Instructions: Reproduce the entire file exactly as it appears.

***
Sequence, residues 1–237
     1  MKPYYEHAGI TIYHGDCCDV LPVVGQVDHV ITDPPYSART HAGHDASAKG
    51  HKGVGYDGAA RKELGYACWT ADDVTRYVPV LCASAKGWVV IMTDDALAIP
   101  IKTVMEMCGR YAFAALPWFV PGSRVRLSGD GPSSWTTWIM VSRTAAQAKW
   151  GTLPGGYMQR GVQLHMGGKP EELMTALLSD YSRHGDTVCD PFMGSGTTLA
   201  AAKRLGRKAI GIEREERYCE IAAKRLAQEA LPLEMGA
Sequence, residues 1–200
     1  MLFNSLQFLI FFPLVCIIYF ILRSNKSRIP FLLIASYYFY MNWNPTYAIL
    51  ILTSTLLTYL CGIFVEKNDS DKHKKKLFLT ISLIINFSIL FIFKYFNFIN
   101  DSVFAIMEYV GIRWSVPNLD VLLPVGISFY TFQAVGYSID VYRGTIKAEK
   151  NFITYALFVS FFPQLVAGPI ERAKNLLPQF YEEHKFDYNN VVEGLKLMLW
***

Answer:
Sequence, residues 1–237
     1  MKPYYEHAGI TIYHGDCCDV LPVVGQVDHV ITDPPYSART HAGHDASAKG
    51  HKGVGYDGAA RKELGYACWT ADDVTRYVPV LCASAKGWVV IMTDDALAIP
   101  IKTVMEMCGR YAFAALPWFV PGSRVRLSGD GPSSWTTWIM VSRTAAQAKW
   151  GTLPGGYMQR GVQLHMGGKP EELMTALLSD YSRHGDTVCD PFMGSGTTLA
   201  AAKRLGRKAI GIEREERYCE IAAKRLAQEA LPLEMGA
Sequence, residues 1–200
     1  MLFNSLQFLI FFPLVCIIYF ILRSNKSRIP FLLIASYYFY MNWNPTYAIL
    51  ILTSTLLTYL CGIFVEKNDS DKHKKKLFLT ISLIINFSIL FIFKYFNFIN
   101  DSVFAIMEYV GIRWSVPNLD VLLPVGISFY TFQAVGYSID VYRGTIKAEK
   151  NFITYALFVS FFPQLVAGPI ERAKNLLPQF YEEHKFDYNN VVEGLKLMLW